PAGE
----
Our school has taught us that if you follow this path of leadership and you act as a leader and say what you believe in, adults will hear you and ultimately you’ll be able to bring about change. That didn’t happen in this circumstance, despite the fact that we had so many students protesting and voicing their opinions. Our voices were heard, but they were ignored. Continue reading →
We meet a five-year-old who, in his first four months as a kindergartner, was suspended 16 times. In other, words, what????
It’s time for another installment of Have You Heard, listener. In this episode (our third!), we head to Boston for a look at the controversial trend of kindergarten suspension. We go behind the data to bring you the story of a mother and a five-year-old boy who, in his first four months as a kindergartner, was suspended 16 times. Hard to imagine? His mother thinks so too as she struggles to understand how her bright, creative little boy could end up in so much trouble so quickly. After you’ve listened, drop me a line by email or on Twitter to let me know what you thought. I’ll be talking about the issue of kindergarten suspension and other controversial edu-topics in a live webcast on May 11. Sign up here.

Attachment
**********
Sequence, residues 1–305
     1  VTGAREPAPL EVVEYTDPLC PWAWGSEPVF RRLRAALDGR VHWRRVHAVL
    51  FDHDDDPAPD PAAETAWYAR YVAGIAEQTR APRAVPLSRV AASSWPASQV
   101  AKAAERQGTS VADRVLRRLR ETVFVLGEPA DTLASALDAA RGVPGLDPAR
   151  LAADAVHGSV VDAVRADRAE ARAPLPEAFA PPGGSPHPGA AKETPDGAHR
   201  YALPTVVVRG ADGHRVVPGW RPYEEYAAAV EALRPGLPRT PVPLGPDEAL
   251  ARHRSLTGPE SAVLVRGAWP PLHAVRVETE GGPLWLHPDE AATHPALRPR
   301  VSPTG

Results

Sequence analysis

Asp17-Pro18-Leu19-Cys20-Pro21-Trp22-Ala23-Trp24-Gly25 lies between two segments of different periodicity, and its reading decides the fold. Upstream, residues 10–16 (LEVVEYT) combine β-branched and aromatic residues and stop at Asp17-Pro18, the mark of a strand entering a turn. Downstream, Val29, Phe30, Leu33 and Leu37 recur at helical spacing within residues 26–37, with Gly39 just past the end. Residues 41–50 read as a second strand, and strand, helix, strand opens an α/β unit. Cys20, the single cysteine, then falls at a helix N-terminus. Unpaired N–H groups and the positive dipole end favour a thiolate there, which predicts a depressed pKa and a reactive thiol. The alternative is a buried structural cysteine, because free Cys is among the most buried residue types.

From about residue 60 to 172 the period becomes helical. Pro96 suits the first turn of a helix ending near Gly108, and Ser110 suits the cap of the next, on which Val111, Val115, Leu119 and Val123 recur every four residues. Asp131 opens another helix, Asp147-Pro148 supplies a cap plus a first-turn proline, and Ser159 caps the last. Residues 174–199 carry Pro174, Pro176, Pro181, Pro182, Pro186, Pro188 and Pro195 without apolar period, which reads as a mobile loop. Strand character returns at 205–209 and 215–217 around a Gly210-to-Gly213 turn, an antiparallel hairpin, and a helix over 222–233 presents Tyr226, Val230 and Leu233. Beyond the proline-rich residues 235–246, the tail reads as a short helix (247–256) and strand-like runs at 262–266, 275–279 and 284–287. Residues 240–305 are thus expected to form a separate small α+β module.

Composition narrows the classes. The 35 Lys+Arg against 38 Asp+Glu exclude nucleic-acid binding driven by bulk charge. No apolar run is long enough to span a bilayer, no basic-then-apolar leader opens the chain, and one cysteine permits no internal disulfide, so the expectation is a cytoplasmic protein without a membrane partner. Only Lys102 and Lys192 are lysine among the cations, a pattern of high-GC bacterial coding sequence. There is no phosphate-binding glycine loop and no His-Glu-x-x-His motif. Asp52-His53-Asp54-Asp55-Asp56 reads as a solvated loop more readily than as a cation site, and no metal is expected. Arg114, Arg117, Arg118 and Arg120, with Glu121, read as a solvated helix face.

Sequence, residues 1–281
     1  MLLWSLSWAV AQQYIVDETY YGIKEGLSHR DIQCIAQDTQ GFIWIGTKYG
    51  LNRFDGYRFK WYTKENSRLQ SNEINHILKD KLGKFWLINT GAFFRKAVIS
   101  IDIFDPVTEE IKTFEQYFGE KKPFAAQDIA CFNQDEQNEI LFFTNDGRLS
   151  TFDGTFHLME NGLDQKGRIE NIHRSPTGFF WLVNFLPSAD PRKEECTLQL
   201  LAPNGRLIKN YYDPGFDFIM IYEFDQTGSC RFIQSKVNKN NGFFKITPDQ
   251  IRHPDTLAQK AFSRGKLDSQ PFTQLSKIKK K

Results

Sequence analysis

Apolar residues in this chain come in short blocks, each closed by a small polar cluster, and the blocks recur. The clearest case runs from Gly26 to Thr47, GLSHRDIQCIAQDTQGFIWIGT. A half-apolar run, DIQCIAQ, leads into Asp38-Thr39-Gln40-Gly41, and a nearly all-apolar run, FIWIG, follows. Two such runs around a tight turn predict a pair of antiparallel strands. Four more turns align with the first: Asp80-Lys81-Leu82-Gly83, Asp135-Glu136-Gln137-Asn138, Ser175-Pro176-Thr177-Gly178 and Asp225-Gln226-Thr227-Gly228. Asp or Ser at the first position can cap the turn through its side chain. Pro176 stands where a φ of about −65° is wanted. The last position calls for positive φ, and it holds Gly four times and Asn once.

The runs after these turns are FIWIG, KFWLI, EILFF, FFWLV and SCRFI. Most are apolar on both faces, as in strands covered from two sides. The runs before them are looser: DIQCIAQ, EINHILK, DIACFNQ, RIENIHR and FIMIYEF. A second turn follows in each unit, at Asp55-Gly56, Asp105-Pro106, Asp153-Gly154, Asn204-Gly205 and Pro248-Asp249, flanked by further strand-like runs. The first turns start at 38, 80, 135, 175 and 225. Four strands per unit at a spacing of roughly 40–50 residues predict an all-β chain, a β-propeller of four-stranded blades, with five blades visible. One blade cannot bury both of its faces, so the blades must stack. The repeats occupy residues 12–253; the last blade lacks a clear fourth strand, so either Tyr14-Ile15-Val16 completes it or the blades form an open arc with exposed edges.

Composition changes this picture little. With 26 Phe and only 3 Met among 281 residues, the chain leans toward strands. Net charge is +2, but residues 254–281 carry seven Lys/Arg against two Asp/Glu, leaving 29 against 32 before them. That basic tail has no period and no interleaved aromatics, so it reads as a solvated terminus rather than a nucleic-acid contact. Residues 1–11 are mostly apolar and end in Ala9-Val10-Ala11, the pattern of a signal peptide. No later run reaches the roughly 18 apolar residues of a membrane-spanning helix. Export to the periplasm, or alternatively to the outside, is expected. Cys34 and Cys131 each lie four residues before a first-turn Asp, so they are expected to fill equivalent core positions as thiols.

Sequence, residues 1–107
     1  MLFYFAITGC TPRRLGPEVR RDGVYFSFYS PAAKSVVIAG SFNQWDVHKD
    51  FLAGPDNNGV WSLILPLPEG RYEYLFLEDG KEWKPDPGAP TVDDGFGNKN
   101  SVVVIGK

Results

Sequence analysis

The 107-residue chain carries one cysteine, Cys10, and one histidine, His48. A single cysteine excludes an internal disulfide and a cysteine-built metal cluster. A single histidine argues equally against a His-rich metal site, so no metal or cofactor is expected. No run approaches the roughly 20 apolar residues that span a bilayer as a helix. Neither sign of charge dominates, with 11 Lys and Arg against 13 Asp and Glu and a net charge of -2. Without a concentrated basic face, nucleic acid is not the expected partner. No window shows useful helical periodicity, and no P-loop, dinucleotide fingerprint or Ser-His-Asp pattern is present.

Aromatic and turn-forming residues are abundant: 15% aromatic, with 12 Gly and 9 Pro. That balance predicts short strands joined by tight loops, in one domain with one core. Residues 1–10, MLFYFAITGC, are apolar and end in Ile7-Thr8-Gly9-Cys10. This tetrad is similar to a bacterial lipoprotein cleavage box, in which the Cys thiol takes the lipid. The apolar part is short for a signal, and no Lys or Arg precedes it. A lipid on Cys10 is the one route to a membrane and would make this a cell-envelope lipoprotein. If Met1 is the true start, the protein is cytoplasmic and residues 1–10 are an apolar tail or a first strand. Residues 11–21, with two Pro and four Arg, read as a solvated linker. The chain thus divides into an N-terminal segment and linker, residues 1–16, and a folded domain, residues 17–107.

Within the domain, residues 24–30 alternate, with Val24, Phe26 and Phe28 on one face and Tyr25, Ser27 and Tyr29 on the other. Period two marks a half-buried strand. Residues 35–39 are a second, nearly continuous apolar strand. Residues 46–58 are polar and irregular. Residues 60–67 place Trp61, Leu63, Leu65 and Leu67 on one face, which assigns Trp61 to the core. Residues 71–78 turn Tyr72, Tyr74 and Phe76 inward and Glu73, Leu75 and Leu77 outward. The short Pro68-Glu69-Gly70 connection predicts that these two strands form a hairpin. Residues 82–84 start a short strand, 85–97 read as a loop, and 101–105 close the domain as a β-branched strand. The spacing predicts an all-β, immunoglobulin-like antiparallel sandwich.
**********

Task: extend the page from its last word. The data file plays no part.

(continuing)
Parent and early childhood educator Jamila Carter warns that the emphasis on strict discipline and control in urban schools can stifle kids’ creativity and natural desire to learn…
By Jamila Carter
Philadelphia mom and early childhood educator Jamila Carter.
There is a sentiment among some folks in the black community that teaching our children respect for authority through strict discipline will save them from falling victim to violence, jail or being killed at the hands of the police.
Historically, black parents, especially those of us in low-income communities have often used strict discipline coupled with love and support as a means to protect our children. So I’m not surprised when I hear of parents who welcome the *no-excuses* discipline methods employed at some urban schools.
The belief is that because of the color of our skin there is no room for mistakes, and in the real world we may not get a second chance. Therefore, the training ground for this dismal reality should extend to the classroom.
I understand why many parents feel the need to use discipline to protect their children, but I reject this notion in the classroom. I certainly believe that classrooms must be safe and orderly and that students must face consequences for misbehaving in order to maintain a healthy and productive learning environment. However, the emphasis on order and discipline, especially in urban schools where children of color are the majority, can be demeaning to students and their families. It can lead to a style of classroom management that excludes one of the key elements of education: engaging children. It may also give parents the false notion that strict discipline is the driving factor in their child’s educational success. Continue reading →